This solution does nothing particularly special. The constraints on each type of card are expressed as guards in some MonadPlus, which allows the results of those functions to be summed to get a result. The Luhn algorithm is fairly straight forward list processing.

The program expects command line arguments consisting only of the credit card number. The arguments are concatenated into a single string, so one can use as many or as few spaces to break it up as they wish.

```import Control.Monad
import Data.Char
import Data.List
import Data.Maybe
import System.Environment

luhn :: [Int] -> Bool
luhn = (==0) . (`mod` 10) . sum . foldr split [] . zipWith (\$) (cycle [id, (*2)]) . reverse

split n l
| n > 9     = split d (m:l)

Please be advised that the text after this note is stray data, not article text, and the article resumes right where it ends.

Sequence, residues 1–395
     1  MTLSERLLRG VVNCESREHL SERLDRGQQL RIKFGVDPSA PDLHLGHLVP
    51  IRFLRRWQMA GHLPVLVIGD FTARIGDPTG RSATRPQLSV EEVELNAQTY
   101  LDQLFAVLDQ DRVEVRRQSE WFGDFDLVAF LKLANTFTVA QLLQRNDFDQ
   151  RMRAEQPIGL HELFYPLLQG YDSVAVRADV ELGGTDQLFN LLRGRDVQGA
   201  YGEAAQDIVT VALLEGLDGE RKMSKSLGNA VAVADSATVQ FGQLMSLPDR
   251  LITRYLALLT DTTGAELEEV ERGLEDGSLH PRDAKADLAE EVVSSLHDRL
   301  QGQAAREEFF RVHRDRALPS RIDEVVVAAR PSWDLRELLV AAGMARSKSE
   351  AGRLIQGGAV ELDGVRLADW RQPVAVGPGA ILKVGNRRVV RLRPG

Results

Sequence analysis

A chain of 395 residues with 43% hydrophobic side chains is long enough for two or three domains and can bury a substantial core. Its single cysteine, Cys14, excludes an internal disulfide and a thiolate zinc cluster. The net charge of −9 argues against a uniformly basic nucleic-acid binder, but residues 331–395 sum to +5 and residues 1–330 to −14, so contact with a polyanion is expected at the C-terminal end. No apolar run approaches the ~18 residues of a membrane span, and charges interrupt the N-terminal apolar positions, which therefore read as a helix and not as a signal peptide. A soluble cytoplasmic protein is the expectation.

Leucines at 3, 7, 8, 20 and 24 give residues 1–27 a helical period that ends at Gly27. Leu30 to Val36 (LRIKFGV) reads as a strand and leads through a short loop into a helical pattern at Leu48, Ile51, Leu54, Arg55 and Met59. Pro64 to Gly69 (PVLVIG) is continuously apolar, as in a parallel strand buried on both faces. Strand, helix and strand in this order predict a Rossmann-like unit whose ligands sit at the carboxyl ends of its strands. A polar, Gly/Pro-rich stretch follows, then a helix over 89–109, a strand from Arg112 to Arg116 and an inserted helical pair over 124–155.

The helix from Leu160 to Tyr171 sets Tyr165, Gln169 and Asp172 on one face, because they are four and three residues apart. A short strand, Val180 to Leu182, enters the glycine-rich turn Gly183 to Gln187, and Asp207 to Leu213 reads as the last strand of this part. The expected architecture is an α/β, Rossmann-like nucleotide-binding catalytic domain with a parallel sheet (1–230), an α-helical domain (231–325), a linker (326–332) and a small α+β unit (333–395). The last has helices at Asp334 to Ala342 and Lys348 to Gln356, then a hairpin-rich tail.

| otherwise = n:l
where (d, m) = divMod n 10

amex l@(x:y:_) = do guard \$ length l == 15
guard \$ x == 3
guard \$ y `elem` [4, 7]
return "AMEX"

discover l = do guard \$ length l == 16
guard \$ [6,0,1,1] `isPrefixOf` l
return "Discover"

visa l@(x:_) = do guard \$ length l `elem` [13, 16]
guard \$ x == 4
return "Visa"

mastercard l@(x:y:_) = do guard \$ length l == 16
guard \$ x == 5
guard \$ y `elem` [1..5]
return "Mastercard"

unknown l = return "Unknown"

cardType l = fromJust . msum . map (\$ l) \$ [amex, discover, visa, mastercard, unknown]

main = putStrLn . unwords
. (\l -> [if luhn l then "Valid" else "Invalid", cardType l, "card"])
. map (digitToInt) . concat =<< getArgs
```